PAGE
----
Adam Serwer

Adam Serwer is a writing fellow at The American Prospect and a graduate of the Columbia University Graduate School of Journalism. He also blogs at Jack and Jill Politics and has written for The Village Voice, The Washington Post, The Root, and the Daily News.

Recent Articles

Wrenching Experiences

A few days ago National Review published a silly piece by Tevi Troy criticizing President Obama's vacation reading list because it was light on Jonah Goldberg books. He seemed to think this argument from Mickey Kaus, that Obama's reading list was "heavy on the wrenching stories of immigrant experiences, something the President already knows quite a bit about," was clever enough to be worth quoting. You have to admire the pseudo-birtherism of Kaus' formulation--you can practically see little Barack clutching his Kenyan birth certificate as he steps off the plane. Only one of the books on Obama's list counts as a story about "immigrants," namely Abraham Verghese's novel on Ethiopian immigration to the U.S. The other is not a novel, but a history book by Isabel Wilkerson about the great migration of black Americans out of the South during the 20th Century. What they have to do with one another is entirely unknown, except perhaps that they're both about black people, and Obama, being...

MPDG, Ctd

Alyssa Rosenberg has some further thoughts on the Manic Pixie Dream Girl character archetype: He and I were talking about this a little bit a couple of days ago, and while I think it’s pretty clear why MPDGs are a fantasy for men, I also think the archetype has some utility for women. After decades of makeover scenes and unrealistic physical and behavioral expectations, there’s something kind of appealing about being told that the fantasy isn’t the Herve Leger bandage dress and the body that goes with it, it’s the quirky cardigan; that it’s not about having to fix yourself, it’s about someone else has to do the transformative work and all you have to do is help. I don’t necessarily think it’s a good trade, and I don’t actually think it makes for fully fleshed-out characters or exceptionally interesting movies, but I understand why it might feel worth it. I think this is one of the key differences between the Magic Negro and the MPDG. No one consciously wants to be the Magic Negro. But...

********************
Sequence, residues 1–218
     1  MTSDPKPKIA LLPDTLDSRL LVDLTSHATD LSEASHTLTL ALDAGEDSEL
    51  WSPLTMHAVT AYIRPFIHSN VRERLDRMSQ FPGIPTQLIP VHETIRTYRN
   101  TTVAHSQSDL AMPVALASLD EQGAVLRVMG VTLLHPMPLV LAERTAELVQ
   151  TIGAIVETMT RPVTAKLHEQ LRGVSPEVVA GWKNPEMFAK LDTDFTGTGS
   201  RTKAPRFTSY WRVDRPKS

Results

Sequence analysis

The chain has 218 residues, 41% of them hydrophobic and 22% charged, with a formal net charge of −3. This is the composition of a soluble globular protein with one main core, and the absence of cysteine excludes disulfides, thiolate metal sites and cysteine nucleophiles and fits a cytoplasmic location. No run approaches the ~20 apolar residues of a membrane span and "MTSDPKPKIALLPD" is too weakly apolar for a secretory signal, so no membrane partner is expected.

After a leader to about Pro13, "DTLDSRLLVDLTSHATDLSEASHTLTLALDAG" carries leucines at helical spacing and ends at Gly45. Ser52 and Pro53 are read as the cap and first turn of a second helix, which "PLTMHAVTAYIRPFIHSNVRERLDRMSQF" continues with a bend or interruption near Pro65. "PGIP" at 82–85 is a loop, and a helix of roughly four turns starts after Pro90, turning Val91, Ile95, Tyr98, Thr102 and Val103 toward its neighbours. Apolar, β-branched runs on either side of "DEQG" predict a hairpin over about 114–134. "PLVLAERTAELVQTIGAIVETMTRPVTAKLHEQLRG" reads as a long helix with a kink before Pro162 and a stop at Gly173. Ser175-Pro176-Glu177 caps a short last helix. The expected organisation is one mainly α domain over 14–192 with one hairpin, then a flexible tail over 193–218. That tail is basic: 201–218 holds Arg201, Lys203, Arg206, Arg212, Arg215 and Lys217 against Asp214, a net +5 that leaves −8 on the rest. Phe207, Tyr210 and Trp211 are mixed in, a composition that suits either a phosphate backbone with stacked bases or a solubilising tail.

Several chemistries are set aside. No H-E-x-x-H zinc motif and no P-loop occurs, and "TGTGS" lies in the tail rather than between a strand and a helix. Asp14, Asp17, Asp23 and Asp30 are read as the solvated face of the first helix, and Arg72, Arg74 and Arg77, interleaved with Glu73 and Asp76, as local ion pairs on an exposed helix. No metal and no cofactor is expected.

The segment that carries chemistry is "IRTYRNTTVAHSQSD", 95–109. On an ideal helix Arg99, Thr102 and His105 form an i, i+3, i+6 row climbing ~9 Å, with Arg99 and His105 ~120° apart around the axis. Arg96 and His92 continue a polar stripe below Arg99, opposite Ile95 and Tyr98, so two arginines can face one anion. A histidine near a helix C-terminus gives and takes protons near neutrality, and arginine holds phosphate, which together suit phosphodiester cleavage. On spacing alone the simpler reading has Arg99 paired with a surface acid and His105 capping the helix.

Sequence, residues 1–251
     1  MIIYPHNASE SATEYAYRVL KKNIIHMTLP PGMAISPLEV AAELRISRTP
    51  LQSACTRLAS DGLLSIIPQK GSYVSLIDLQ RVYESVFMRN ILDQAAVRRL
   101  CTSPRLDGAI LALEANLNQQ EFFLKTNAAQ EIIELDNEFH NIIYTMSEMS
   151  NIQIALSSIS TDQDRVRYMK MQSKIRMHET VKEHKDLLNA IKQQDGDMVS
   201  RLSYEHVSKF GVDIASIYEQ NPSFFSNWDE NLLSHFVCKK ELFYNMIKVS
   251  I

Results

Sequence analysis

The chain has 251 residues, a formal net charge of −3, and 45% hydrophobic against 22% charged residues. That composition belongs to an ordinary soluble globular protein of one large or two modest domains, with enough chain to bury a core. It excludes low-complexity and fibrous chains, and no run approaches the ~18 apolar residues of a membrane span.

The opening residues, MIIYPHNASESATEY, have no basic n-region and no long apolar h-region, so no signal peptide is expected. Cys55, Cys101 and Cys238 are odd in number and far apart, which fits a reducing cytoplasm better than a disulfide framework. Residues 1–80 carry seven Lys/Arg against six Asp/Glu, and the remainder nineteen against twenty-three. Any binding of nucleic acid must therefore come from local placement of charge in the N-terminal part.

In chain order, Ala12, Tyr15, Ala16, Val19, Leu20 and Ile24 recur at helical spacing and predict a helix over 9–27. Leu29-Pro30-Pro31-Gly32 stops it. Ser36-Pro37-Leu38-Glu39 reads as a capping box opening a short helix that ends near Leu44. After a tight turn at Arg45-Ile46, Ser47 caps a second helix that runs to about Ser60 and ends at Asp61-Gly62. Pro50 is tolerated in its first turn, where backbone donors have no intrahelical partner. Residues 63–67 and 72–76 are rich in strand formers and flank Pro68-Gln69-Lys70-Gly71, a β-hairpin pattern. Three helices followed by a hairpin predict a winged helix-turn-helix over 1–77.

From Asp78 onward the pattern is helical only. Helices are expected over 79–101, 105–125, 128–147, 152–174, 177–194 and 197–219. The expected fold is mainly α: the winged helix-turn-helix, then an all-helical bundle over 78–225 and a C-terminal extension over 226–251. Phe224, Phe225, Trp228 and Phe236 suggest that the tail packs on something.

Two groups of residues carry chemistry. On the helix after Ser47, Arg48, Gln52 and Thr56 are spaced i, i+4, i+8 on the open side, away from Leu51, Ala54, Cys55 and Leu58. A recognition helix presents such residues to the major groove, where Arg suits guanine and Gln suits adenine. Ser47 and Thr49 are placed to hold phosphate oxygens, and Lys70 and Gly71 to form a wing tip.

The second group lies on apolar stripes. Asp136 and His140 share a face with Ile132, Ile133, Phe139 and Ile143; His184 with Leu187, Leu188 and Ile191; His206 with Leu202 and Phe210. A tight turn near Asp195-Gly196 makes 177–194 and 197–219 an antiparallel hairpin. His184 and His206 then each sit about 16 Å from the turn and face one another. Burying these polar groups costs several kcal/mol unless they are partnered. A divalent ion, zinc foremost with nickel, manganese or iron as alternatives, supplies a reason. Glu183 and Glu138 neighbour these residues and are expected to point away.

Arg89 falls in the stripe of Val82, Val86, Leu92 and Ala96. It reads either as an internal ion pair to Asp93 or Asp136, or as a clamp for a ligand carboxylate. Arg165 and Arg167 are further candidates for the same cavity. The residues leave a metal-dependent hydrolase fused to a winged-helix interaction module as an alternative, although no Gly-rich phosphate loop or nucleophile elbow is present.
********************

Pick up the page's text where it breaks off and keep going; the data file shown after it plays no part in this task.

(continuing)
A Dance With Dragons And The Return To Fantasy

So this is going to be a massively spoiler-heavy post, so those of you who haven't read A Dance With Dragons yet or are fans of the TV series Game of Thrones and don't want some major things to be revealed should stop. Reading. Now.

Oregon Man Charged With Setting Fire To A Mosque

The Civil Rights Division has announced that it's charging an Oregon man with allegedly setting a mosque in Corvallis on fire. The larger context here is that the mosque was attended by Mohamud Osman Mohamud, the 19-year old who was arrested in a plot to bomb a Portland Christmas tree that was in actuality a sting set up by the FBI. In response to a fake terror plot that was never going to take place, someone decided it was time to execute a real one. UPDATE: The suspect, Cody Crawford, reportedly said this: "You look like Obama. You are a Muslim like him. Jihad goes both ways. Christians can jihad too," a court document quotes Crawford as telling a McMinnville officer after his Dec. 14 arrest on a charge unrelated to the firebombing." So not just a mere hate crime, but possibly another anti-Muslim ideologue who, like alleged Oslo terrorist Anders Breivik, embraces the concept of holy war between Christians and Muslims. Just from the "Christian" side.

West On Black Intellectuals And Liberal Magazines

My profile of Cornel West and Tavis Smiley's Poverty Tour will be in the print edition of next month's print edition Prospect , but I was having a conversation with Jamelle yesterday that reminded me of a portion of the interview with West I thought was interesting but didn't make it into the final piece. Prominently white, liberal and progressive magazines, like your magazine, I love brother Paul Starr and Kuttner, very close. But predominatly white magazines, the relation to black intellectuals has always been one of trying to get more, embrace more and so forth, but not always successful. The Nation magazine with sister Katrina, same way. And you end up sometimes recruiting certain black intellectuals who themselves are much less focused the things that Kuttner's concerned about, and more concerned with their careers in the white context that allows them to be more visible. So they come at highly visible black folk who have already paid their dues, who have already gone through...

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